I actually find myself still thinking about chords on tunes where I begin my analysis with CST. So to me, there's total overlap.
    Jeff Matz, Jazz Guitar:
    http://www.youtube.com/user/jeffreymatz

    "Jazz is like life...it goes on longer than you think, and as soon as you're like 'oh, I get it,' it ends."

    --The Ghost of Duke Ellington

  12. #11

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    Quote Originally Posted by mr. beaumont View Post
    Yeah, I think a beginners diet needs to be chords, tunes, ear training.

    I actually find myself still thinking about chords on tunes where I begin my analysis with CST. So to me, there's total overlap.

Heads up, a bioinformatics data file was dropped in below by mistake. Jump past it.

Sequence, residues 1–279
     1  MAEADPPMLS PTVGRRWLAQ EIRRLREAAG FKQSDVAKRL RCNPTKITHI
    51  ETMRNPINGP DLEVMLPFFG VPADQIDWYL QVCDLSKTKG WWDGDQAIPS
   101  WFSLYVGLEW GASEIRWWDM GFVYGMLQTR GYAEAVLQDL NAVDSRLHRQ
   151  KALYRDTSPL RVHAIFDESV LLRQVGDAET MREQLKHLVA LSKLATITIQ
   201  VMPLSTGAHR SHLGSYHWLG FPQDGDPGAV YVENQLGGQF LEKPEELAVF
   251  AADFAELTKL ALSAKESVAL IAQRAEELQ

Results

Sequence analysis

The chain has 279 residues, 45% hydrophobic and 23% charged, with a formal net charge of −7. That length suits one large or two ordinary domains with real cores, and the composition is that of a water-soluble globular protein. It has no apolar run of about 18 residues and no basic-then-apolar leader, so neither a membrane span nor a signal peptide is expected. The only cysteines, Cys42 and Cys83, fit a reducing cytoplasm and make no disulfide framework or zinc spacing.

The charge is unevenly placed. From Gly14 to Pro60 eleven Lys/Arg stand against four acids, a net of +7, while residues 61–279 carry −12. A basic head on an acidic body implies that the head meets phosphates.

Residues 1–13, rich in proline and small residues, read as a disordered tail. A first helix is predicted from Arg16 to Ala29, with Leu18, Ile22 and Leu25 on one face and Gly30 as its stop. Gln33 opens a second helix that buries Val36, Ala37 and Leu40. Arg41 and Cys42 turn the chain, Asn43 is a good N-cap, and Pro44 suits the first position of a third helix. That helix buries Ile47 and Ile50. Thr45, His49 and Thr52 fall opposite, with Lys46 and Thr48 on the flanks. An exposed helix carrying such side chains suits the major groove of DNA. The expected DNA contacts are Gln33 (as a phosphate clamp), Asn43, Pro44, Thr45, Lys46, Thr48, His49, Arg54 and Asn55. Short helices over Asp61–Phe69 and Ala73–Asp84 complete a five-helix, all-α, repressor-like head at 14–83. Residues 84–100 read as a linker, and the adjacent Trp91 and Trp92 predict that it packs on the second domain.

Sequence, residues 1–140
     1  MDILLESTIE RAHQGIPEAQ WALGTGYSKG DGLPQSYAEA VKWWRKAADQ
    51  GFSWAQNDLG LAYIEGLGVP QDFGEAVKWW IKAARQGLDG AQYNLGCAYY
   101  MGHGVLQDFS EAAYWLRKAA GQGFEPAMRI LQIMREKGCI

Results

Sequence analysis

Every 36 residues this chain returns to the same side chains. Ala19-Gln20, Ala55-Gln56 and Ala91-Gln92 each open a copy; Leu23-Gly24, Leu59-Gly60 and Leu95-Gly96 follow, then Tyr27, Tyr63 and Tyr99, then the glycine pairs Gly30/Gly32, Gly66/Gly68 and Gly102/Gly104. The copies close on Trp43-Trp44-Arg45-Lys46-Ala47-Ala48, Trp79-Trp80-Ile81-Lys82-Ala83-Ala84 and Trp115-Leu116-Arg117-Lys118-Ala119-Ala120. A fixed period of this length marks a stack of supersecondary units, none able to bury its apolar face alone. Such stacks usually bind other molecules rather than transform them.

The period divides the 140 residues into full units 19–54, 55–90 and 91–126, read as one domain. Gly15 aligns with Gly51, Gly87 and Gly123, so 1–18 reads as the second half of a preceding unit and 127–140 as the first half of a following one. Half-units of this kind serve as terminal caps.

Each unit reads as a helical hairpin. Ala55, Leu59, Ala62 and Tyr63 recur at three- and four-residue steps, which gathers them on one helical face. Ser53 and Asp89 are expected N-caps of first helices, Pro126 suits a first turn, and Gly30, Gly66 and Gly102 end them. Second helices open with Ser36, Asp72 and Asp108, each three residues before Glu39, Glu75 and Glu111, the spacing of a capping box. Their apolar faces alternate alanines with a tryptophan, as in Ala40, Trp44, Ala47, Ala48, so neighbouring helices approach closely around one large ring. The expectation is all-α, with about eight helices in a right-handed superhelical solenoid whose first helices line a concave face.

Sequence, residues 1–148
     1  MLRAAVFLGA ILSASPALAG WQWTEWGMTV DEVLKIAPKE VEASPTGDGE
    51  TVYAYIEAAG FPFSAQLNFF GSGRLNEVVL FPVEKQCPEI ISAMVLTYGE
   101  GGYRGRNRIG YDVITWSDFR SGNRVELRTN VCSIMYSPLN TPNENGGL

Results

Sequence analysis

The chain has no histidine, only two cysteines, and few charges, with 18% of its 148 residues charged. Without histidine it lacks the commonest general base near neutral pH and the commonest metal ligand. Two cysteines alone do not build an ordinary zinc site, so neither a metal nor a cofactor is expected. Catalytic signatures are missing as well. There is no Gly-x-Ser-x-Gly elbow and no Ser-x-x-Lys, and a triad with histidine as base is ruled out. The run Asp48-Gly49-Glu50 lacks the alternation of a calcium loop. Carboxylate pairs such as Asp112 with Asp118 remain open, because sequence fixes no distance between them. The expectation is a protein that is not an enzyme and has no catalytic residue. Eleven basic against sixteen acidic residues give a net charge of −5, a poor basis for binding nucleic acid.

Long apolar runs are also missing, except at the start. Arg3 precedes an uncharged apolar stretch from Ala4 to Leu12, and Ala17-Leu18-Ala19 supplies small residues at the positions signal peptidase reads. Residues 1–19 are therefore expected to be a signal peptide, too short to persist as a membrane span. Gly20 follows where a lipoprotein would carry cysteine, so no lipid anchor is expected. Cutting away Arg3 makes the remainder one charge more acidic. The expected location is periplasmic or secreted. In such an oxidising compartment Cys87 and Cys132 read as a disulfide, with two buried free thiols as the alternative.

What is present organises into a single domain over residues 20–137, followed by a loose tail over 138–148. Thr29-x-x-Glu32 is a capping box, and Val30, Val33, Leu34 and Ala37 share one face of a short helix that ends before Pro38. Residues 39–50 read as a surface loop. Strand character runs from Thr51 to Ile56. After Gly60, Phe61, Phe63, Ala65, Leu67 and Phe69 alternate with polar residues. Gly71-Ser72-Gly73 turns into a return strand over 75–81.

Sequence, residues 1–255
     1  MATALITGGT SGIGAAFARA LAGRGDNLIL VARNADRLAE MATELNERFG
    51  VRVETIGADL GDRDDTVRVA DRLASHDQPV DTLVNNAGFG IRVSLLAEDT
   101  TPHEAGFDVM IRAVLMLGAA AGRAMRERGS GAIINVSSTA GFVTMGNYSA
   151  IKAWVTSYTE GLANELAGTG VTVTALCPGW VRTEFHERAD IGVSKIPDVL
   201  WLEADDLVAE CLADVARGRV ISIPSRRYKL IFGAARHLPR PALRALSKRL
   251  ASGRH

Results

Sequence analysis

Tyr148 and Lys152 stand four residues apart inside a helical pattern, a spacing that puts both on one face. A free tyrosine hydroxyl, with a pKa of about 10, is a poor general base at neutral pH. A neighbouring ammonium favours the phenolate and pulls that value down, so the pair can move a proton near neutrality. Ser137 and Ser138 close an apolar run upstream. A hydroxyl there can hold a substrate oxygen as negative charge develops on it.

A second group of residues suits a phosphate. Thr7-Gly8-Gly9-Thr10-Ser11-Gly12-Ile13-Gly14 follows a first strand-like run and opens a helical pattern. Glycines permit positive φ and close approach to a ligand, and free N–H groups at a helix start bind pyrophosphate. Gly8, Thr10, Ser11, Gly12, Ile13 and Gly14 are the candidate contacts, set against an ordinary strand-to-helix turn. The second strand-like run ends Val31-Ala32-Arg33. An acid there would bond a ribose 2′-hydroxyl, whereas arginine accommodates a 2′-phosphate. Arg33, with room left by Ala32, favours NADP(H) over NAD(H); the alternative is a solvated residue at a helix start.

Agreed. I tried to start with CST, and really couldn't make it work until I started focusing on the chord tones.
    "I'm opposed to picketing, but I don't know to show it." --Mitch Hedberg

  13. #12

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    Quote Originally Posted by christianm77 View Post
    Used too much at the early stage it tends to produce musicians that overplay, lack rhythmic shape, imagination and groove in their lines (i.e. swing), noodle, are over concerned with vertical relationships and note choice against chords, and these problems are built into the system.